* 777-8X seen breaking Boeing's record for jetliner range
* Ultra-long haul jets remain a niche market
* Technology battle between revamped 777 and Airbus A350
By Tim Hepher and Praveen Menon
PARIS/DUBAI, May 3 Boeing has shown airlines a
blueprint for the world's longest-range passenger jet, adding
spice to a long-awaited revamp of its 777 wide-body jet, people
familiar with the matter said.
Boeing on Wednesday launched a race against Airbus for sales
of the newest long-haul jets by announcing it had begun selling
an upgraded aircraft family code-named 777X.
First seen in the 1990s, the 777 cornered the market for
large twin-engine aircraft able to fly routes previously only
possible with four engines, earning it the nickname
Analysts say the 777 is Boeing's most profitable plane,
thanks largely to the 777-300ER, a 365-seat version that began
operations in 2004.
Most of the industry's attention is now focused on a future
400-seat version known as the 777-9X, which is Boeing Co's
response to a growing challenge from the largest version
of Europe's newest aircraft, the Airbus A350-1000.
But talks between Boeing and potential buyers have also
generated interest in a 777-8X that would be a successor to the
777-200LR, the industry's current distance champion, with a
range of more than 9,300 nautical miles (17,200 km), people
briefed on the talks said.
The 777-8X, boasting a range of 9,500 nautical miles (17,600
km), would be designed for some of the world's longest trips
such as from the Middle East to South America.
"They are offering an ultra-long range aircraft in the
777-8X," said an industry source briefed on the plans. "It'll be
the longest range aircraft in the business."
Boeing declined to comment on specifics, but spokeswoman
Karen Crabtree said the company is working with customers to
fine tune the details.
Experts say ultra-long range planes deliver mixed benefits
to airlines and so far the market for them remains a niche,
overshadowed by the juggernauts designed for trunk routes.
That is because when modern aircraft fly the longest 15-hour
flights, the first few hours are spent mostly burning the fuel
needed to carry even more fuel for the rest of the flight.
These aircraft "carry more fuel to carry more fuel," said
consultant Richard Aboulafia of Virginia-based Teal Group.
"They need a very big wing with lots of (fuel storage)
capacity, which means lots of structure and weight."
Fuel is not the only source of extra weight. The long
journey times also mean loading extra meals and a reserve crew,
so that the fuel burned per hour - a measure of efficiency - can
end up greater than if the plane simply stopped en route.
Airlines must balance this against any extra revenue they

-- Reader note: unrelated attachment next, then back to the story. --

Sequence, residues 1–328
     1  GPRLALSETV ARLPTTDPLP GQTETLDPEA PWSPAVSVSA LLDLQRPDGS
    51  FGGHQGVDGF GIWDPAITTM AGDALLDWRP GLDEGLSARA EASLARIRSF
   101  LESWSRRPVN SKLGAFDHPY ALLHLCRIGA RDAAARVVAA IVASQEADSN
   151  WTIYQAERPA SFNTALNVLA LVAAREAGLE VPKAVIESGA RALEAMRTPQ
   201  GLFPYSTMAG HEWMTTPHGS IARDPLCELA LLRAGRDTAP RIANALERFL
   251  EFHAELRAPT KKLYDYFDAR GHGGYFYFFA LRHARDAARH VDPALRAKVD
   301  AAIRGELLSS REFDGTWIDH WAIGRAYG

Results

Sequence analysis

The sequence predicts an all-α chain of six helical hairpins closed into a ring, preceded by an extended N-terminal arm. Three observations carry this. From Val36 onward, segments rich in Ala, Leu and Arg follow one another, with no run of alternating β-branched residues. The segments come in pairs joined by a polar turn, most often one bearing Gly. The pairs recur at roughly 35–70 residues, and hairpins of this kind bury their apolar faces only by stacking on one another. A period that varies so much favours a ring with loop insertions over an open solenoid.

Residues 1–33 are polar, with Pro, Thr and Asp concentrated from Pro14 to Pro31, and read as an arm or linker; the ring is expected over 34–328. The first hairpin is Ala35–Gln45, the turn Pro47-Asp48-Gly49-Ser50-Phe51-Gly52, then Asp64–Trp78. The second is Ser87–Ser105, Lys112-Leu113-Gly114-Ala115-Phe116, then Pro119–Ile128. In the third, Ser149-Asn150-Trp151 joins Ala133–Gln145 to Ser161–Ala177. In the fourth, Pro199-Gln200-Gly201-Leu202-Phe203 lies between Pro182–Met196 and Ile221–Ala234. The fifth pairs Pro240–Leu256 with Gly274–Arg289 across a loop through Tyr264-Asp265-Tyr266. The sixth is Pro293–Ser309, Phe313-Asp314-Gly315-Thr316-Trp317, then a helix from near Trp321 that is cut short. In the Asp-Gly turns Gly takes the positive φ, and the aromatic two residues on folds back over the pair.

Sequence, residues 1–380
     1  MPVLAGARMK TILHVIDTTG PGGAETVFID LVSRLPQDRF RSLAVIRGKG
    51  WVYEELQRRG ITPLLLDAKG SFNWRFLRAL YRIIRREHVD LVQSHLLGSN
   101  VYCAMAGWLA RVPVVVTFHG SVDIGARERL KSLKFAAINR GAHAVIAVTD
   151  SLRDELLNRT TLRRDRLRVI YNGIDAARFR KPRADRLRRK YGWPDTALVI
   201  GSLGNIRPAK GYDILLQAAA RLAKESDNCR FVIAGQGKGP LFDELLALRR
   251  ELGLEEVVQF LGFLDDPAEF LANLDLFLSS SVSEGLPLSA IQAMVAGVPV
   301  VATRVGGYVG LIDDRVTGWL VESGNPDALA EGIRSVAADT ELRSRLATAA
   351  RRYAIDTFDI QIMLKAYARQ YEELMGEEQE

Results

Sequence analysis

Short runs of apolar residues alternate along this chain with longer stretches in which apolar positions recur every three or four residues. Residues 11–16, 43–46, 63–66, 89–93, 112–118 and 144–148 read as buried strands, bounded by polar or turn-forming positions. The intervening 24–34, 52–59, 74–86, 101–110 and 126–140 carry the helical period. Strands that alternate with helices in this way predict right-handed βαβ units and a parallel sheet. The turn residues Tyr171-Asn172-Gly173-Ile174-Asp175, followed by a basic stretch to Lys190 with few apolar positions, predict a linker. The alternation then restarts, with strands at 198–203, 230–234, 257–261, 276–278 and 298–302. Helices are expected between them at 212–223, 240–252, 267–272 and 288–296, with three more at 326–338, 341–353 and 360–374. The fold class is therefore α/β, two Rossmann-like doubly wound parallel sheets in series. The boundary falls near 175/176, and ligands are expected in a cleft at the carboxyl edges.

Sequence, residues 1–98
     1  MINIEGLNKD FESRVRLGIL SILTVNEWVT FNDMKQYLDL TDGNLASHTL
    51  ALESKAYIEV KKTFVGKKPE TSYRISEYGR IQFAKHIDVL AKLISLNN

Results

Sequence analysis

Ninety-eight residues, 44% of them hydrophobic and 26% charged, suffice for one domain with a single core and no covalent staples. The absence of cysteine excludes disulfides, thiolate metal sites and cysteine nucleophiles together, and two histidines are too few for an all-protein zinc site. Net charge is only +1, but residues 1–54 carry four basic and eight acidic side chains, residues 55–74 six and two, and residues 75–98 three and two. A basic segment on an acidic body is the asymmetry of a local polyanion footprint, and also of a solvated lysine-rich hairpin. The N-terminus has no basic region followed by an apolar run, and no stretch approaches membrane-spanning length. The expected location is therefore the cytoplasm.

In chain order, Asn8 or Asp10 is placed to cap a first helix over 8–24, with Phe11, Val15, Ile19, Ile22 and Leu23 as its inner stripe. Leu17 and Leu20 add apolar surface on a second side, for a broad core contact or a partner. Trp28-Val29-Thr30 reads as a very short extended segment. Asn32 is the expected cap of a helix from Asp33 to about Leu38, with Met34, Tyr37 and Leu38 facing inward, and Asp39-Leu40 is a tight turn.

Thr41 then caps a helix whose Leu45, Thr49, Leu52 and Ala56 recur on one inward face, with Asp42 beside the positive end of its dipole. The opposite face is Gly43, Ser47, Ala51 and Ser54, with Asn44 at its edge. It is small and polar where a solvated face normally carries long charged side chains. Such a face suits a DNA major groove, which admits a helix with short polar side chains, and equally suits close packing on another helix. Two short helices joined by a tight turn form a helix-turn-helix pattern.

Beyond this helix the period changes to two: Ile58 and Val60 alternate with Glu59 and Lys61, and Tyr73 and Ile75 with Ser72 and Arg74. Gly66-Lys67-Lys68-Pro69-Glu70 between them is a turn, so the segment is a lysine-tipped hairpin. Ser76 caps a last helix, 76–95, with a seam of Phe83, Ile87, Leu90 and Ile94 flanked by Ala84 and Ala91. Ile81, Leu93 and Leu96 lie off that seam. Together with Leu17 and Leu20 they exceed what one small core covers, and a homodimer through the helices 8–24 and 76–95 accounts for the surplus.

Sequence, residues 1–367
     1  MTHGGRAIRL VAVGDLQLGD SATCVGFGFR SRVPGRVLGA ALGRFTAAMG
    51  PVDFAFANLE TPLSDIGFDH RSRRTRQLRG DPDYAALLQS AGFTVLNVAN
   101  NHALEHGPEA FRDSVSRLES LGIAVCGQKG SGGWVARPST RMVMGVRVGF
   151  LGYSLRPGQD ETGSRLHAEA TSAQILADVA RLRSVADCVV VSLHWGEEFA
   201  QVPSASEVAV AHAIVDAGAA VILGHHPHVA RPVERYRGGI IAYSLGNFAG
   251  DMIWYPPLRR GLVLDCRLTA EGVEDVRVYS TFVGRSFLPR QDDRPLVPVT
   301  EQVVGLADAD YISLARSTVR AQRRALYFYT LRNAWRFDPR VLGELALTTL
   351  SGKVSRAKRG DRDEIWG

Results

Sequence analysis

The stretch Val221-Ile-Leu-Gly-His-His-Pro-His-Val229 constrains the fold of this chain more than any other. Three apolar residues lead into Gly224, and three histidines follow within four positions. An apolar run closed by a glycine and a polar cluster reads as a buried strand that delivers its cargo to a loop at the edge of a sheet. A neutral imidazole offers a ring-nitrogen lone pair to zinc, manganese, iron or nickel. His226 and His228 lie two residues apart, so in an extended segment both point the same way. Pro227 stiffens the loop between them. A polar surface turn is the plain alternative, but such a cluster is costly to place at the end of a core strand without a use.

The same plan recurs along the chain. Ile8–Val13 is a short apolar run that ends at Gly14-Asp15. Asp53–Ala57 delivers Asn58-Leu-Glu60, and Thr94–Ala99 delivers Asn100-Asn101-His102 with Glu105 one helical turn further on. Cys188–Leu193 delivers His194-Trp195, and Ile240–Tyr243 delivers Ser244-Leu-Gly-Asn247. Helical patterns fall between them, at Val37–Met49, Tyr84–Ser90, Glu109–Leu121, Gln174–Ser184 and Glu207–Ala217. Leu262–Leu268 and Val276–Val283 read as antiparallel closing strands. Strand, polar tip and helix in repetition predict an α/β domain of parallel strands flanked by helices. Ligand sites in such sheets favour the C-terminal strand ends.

can charge for a direct flight and the ability to eliminate the
fuel wasted in climbing and descending twice, as well as
en-route landing fees and other costs linked to a stopover.
Proof that ultra-long haul is not for everyone is contained
in a quick comparison of sales for comparable existing models.
Boeing has sold 59 of its 777-200LR endurance jet, which
entered service in 2007, compared with 687 of the shorter-range
but highly popular 777-300ER.
Air India has announced plans to sell 5 777-200LR's and one
industry source said some or all could end up being acquired by
the government for VIP transport. Air India declined comment.
Before the 777-200LR, the industry's previous long-distance
record-holder, the Airbus A340-500, was capable of flying 9,000
nautical mile on polar routes yet notched up fewer than 40
Production was halted in 2011, driven also by a wider
slowdown in sales for all but the largest four-engine aircraft.
Reflecting thinner demand for super-long haul, the 777-8X is
expected to take a backseat to the 777-9X, which is seen as the
main weapon in an all-out defence of Boeing's mini-jumbo
franchise. The main model is slated to enter service at the end
of the decade.
Nonetheless, recent public presentations suggest Boeing is
confident the significantly enlarged wing and more powerful
engines designed for the main 777-9X model will give airlines
the flexibility to use the 777-8X spin-off more efficiently.
Randy Tinseth, vice president of Boeing marketing, told
financiers in January the 777X would have "significantly lower
operating cost" and greater payload and range ability. Airbus
says its 350-seater is the right size and costs less to run.
As both sides trot out competing claims, the 777 vs A350
contest is likely to spark a fierce debate on technology - just
as the industry digests the lessons of recent technical troubles
on the 787 Dreamliner and, before that, the A380 superjumbo.
Boeing is expected to argue that its decision to keep the
777's metal fuselage and focus on new carbon-fiber wings will
marry increased performance with a proven record of reliability.
Airbus argues its A350-1000, the largest variant of its A350
family, will be cheaper to run because the whole plane, not just
the wings, will be mainly built of lightweight carbon fibre.
Ironically, the two rivals are taking roughly opposite
positions at the smaller end of the market for wide-bodied jets,
where Boeing is pushing a possible all-composite stretched
version of its 787 Dreamliner against the traditional A330, an
older plane marketed on reliability and availability.
Both the 777 and A330 are important cash cows, helping to
produce the funds needed to pay for ground-breaking developments
such as the 787 and A350.